of the Internet and international collaboration. This vision
provided the inspiration for both the birth of the Internet and
the birth of the Netizen. I hope this will prove helpful for
those who are interested in the problem of European construction
and for those concerned about the continued care and development
of the Internet.

Part II: The Emergence of the Netizen

In 1992-1993, Michael Hauben, co-author of the book "Netizens: On
the History and Impact of Usenet and the Internet" was in his 2nd
year as a college student at Columbia University in New York
City. Describing the research that he did which revealed the
emergence of Netizens, Michael writes:

"I started using local bulletin board systems (called bbs's) in
Michigan in 1985. After several years of participation on both
local hobbyist-run computer bulletin board systems and the global
Usenet, I began to research Usenet and the Internet."

"This was a new environment for me," he continues. "Where did
such a culture spring from? And how did it arise? During my
sophomore year of college in 1992, I was curious to explore and
better understand this new online world." (Netizens, "Preface",
page ix, )

By the early 1990s the Internet had become a network of networks
that spanned the globe. Usenet and the Internet made it possible
for computer users to have online discussions with people from
other parts of the world, to share technical problems, and to get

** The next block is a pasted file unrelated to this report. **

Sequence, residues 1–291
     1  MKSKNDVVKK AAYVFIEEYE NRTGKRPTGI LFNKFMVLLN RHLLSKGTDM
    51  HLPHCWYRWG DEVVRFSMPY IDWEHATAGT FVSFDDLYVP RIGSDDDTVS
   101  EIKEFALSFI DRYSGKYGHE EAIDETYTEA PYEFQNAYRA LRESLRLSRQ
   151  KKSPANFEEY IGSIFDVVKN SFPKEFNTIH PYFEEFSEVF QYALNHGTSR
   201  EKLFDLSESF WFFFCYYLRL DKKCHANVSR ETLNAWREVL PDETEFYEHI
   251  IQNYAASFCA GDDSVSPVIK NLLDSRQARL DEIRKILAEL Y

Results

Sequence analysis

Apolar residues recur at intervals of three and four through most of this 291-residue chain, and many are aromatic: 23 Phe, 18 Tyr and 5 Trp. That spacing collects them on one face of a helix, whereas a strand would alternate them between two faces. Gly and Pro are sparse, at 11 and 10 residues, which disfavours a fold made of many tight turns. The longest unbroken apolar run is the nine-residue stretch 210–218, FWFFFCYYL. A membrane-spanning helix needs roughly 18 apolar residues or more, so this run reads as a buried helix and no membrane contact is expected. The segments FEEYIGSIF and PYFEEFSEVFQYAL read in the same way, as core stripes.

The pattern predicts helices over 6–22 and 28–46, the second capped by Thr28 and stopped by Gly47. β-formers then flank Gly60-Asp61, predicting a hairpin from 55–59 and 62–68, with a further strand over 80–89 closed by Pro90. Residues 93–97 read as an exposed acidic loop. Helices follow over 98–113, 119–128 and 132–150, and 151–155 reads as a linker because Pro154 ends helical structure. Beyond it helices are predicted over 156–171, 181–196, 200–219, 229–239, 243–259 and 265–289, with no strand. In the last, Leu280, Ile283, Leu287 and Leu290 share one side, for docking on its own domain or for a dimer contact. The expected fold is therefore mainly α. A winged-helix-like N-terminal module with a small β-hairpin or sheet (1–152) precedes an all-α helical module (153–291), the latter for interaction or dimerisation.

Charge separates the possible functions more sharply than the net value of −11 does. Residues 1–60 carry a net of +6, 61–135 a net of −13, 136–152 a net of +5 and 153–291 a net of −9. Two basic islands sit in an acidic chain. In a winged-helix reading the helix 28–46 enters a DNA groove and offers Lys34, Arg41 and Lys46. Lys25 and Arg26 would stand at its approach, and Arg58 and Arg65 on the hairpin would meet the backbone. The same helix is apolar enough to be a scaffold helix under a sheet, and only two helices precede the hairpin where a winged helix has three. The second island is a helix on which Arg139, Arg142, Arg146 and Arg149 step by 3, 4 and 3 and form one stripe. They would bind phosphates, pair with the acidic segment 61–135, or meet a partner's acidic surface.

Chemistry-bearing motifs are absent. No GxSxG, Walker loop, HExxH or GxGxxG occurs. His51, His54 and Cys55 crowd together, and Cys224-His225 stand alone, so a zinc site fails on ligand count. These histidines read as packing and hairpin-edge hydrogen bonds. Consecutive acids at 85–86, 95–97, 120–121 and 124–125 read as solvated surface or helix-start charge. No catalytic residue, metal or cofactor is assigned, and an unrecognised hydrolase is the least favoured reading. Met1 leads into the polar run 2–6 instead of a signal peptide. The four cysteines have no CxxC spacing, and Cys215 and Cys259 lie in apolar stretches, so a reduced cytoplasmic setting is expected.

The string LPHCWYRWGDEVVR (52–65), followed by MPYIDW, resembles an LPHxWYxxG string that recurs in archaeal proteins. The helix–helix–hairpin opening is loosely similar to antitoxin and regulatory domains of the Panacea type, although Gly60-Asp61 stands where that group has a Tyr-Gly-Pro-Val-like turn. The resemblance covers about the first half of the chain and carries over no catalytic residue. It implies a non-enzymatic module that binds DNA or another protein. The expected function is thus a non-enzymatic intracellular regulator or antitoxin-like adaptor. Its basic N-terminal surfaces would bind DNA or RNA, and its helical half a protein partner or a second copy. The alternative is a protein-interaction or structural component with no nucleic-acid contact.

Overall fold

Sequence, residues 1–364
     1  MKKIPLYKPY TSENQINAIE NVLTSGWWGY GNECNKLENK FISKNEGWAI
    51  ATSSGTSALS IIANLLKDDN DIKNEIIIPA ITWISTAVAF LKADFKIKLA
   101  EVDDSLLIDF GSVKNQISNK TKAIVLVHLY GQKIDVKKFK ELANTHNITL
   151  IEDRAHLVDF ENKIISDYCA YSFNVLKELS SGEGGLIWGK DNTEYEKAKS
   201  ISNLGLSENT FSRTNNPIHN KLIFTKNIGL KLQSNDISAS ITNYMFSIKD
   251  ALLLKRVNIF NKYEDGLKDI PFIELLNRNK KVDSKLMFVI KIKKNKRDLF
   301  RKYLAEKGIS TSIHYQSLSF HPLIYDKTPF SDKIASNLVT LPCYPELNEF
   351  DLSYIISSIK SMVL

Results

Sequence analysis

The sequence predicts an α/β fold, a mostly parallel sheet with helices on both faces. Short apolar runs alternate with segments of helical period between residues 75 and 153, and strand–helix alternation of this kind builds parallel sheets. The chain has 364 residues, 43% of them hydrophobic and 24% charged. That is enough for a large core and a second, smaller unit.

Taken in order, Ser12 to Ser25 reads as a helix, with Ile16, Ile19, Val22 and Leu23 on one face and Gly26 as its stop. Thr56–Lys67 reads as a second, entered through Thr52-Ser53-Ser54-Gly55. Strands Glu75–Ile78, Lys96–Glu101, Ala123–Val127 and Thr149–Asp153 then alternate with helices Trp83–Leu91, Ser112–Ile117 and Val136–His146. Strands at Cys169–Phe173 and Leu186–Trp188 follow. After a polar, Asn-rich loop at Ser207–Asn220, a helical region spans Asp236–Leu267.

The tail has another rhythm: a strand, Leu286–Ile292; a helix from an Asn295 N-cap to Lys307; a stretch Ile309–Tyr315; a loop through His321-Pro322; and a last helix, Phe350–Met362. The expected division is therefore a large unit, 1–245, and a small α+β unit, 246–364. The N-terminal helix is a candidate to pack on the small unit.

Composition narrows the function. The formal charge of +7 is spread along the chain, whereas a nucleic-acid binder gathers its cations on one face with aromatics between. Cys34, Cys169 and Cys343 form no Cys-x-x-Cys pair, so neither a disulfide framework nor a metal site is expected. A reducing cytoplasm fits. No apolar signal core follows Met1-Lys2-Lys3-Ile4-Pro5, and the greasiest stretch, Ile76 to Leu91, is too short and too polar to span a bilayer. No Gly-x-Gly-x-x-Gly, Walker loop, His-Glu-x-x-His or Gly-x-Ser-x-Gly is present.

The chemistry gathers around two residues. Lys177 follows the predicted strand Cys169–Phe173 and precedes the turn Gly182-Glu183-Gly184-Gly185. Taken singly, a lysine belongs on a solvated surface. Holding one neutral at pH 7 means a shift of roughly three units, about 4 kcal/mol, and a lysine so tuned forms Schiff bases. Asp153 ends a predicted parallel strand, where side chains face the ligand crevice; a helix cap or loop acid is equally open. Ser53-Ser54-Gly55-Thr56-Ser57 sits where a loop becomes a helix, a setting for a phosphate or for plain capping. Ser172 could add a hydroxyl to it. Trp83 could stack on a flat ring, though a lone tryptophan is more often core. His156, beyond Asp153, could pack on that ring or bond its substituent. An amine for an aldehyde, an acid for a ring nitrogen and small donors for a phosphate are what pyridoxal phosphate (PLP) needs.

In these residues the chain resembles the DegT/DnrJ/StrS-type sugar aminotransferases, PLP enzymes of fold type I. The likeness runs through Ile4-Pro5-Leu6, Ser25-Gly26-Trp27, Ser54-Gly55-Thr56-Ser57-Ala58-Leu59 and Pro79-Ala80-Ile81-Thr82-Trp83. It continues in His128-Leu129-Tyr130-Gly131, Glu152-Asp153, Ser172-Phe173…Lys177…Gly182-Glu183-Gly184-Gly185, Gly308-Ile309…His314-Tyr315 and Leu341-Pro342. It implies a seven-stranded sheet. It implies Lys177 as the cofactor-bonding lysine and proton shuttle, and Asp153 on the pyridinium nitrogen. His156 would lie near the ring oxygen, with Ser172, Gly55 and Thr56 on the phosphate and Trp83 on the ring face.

help from a global online community.

In 1992-3, Michael posted his early research questions on Usenet
and the Internet. He received over 60 responses from around the
globe. A number of these responses were detailed descriptions of
how people online had found the Net an exciting and important
contribution to their lives.

Elaborating on the progression of his research, Michael writes:

"My initial research concerned the origins and development of the
global discussion forum Usenet. For my second paper, I wanted to
explore the larger Net, what it was, and its significance. This
is when my research uncovered the remaining details that helped
me recognize the emergence of Netizens." (Netizens, page x)

While people answering his questions were describing how the
Internet and Usenet were helpful in their lives, many wrote about
their efforts to contribute to the Net, and to help spread access
to those not yet online. It is this second aspect of the
responses that Michael received which he recognized as an
especially significant aspect of his research.

This was the experience people had on Internet mailing lists and